Tunisia's treasure house of peace

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A Mediterranean beach in Djerba A Mediterranean beach in Djerba

Whitewashed stone cottages with deep blue doors that camouflage with the frothing Mediterranean a few yards away, Hebrew alphabet and careless Arabic scribbles on their façades. The fresh fragrance of oven-baked bread at a busy bakery on whose walls are Menorahs alongside verses from the Qur’an. A group of young men wearing exquisitely embroidered Kippah skull caps, the loose ends of the ‘Tallit Katan’ religious vest hanging under T-shirts, greet others at an old mosque after the last prayers of the day.

This isn’t an extract from the script of a Moorish Andalusia-based historical when Jews and Arabs flourished in legendary brotherhood. This is Djerba (pronounced ‘Jerbah’), an island off Tunisia’s south eastern coast, where this legacy lives on.

“Kullu normal yaakh (it’s all normal brother),” smiles SidiAdel, a local scholar, speaking about his birthplace, known in French as L’ile de Tolerance (Island of Tolerance). The conflict outside, he believes, has never affected the island, which has been the historic abode of peace and unity between Jews and Arabs.

A Hebrew sign ‘Brukheem ha Baim’ (welcome) at a nondescript eatery ushers in some hardy local Arab Muslims as Jewish chef Yonah serves them sizzling ‘Breek’ filo pastry off the stove, breaking into rustic Tunisian Arabic gossip. “My forefathers arrived after the destruction of the First Temple of Jerusalem. We’ve been around for over a thousand years. Brotherhood is a way of life, not some miracle,” explains Yonah.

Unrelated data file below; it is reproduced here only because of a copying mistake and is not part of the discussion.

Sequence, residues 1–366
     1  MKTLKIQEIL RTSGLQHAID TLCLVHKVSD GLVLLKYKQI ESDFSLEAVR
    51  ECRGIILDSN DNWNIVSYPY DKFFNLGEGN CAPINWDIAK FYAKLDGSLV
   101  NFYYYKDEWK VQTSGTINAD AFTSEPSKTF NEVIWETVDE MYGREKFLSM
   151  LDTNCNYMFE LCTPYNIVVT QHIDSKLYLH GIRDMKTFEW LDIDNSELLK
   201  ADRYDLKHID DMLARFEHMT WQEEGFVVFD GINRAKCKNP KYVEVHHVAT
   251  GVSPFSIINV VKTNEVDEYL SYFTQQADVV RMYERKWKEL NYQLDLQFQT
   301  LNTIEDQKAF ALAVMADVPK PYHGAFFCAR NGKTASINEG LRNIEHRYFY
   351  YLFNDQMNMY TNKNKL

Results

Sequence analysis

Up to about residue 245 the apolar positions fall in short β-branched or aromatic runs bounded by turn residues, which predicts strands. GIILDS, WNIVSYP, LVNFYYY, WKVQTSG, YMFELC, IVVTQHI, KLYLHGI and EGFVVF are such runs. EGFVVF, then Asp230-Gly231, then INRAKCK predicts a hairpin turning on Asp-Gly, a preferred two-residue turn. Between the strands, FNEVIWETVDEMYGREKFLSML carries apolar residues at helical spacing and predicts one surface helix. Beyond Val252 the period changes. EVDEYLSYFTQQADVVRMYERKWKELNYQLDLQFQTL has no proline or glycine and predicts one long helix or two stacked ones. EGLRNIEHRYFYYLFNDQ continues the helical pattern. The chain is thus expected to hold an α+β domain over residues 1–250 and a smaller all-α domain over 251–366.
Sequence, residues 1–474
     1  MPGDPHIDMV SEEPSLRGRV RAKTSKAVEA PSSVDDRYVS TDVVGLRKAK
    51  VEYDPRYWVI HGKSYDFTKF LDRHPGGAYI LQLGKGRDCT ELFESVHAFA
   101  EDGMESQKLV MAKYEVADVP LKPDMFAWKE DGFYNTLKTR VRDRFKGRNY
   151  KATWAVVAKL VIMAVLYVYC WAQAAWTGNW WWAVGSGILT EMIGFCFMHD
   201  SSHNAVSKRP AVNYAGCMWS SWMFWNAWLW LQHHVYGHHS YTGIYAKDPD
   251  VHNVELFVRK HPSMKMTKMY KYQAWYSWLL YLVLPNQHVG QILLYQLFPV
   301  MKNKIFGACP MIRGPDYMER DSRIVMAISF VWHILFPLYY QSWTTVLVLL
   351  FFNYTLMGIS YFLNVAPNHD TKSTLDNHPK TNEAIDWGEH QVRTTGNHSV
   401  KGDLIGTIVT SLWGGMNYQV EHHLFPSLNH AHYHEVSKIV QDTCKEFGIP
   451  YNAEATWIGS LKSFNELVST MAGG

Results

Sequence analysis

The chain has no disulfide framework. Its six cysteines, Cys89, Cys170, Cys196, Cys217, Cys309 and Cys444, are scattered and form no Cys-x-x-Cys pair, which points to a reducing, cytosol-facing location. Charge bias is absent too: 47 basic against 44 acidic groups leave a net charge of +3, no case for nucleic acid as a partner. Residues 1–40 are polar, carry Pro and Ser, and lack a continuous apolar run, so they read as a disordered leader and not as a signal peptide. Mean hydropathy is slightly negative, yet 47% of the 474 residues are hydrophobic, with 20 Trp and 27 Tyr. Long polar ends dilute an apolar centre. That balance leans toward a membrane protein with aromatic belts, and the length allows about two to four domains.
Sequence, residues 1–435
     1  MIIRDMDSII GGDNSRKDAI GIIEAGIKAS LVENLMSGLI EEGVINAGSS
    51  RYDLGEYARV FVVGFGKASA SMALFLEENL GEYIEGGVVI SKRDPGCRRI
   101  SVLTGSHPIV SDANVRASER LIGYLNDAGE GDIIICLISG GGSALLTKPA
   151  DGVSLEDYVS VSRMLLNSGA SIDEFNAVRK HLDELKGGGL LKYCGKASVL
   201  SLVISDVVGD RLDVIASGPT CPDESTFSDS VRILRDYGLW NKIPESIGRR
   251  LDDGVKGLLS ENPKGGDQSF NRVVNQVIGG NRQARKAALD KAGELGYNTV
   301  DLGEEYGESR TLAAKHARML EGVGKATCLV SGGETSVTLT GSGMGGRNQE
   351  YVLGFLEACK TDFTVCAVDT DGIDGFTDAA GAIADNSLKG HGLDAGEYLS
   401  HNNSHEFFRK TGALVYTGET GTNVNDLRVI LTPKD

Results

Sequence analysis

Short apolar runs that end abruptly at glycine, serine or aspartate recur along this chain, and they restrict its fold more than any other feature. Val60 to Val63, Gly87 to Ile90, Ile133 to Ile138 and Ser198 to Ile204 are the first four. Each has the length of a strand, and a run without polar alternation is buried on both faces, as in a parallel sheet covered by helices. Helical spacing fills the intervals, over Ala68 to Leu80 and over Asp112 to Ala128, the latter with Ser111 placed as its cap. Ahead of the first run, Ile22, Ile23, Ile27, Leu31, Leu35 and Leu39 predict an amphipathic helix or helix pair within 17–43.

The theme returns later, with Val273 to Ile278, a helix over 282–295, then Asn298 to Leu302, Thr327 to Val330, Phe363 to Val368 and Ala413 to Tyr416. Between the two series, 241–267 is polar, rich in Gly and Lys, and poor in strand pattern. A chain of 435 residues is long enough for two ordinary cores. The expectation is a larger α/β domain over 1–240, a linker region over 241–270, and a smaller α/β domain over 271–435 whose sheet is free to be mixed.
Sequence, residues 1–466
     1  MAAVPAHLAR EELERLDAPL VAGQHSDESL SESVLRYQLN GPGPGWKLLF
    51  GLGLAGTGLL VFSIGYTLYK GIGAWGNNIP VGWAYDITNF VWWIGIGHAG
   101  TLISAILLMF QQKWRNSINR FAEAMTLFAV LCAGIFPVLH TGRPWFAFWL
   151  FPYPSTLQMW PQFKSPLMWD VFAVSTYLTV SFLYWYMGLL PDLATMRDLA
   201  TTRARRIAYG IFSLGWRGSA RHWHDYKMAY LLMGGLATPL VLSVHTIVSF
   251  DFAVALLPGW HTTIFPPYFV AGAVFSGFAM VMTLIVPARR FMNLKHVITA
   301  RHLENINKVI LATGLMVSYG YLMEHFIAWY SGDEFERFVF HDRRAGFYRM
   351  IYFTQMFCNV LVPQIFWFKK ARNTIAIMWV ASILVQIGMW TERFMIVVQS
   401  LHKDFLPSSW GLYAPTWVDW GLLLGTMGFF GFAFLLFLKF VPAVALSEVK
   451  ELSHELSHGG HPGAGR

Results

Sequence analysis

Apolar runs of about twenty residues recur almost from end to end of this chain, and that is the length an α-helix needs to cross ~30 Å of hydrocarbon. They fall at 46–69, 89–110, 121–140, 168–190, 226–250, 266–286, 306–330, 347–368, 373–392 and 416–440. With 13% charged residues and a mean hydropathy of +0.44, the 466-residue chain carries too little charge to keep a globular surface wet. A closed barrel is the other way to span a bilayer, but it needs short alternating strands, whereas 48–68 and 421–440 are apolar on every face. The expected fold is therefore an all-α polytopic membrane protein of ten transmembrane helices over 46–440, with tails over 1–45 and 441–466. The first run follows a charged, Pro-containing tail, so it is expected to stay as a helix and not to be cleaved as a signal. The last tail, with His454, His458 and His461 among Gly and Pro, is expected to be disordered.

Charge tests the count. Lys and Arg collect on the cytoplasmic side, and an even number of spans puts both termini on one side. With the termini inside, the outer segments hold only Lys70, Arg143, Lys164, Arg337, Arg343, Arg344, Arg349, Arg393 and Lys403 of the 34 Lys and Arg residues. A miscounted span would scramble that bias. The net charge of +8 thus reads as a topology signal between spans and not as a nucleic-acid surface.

Within the same Hara Seghira (smaller Jewish quarter) is an old Jewish school where children are taught Hebrew, theology and history. Along with several grand mosques, in the Hara stands the grand El Ghriba Synagogue, one of Judaism’s holiest and most ancient, and a place of yearly pilgrimage for thousands of Jews.

Djerba’s famed Houmt Souk market, one of the world’s most colourful, boasts of a mind-boggling kaleidoscope of handcrafts, spices, wines, olive oil varieties and healing oils by household stalwarts like Anan Turki. The quaint old Maltese-style St. Joseph’s cathedral in Houmt Souk is another symbol of Djerba’s legendary pluralism.

While the Berber quarter of Guellala is a haven for traditional pottery lovers, Djerba’s pristine white Mediterranean beaches are a delight with innumerable water sports and dolphin-watching. Recreations of ancient pirate ships ferry tourists to the Island of Pink Flamingos, a few kilometres from Djerba for a sumptuous traditional meal with champagne or local wine varietals.

Atop the zenith of Djerba’s ‘Borj el Kebir’ fortress built during the Ottoman era are breathtaking views of the Mediterranean. Along with its fascinating museums and folklore, Djerba’s exciting nightlife offers restaurants, discotheques and plush clubs. Belly dancing soirees along with folk dance performances with stunning acrobatics accompanied by heart-thumping grooves call for the spontaneous participation of international guests.

Djerba’s ‘Festival de la Medina’ is a celebration of colour and cultures with traditional music, folkloric gigs, interaction of global guests with affable locals and a taste of true blue Tunisian hospitality. Tantalising Kefteji fried snacks, Tagines, wholesome Couscous Tunisien and the signature Shaayi bi-na’na mint tea topped with pine nuts are manna for the palate.

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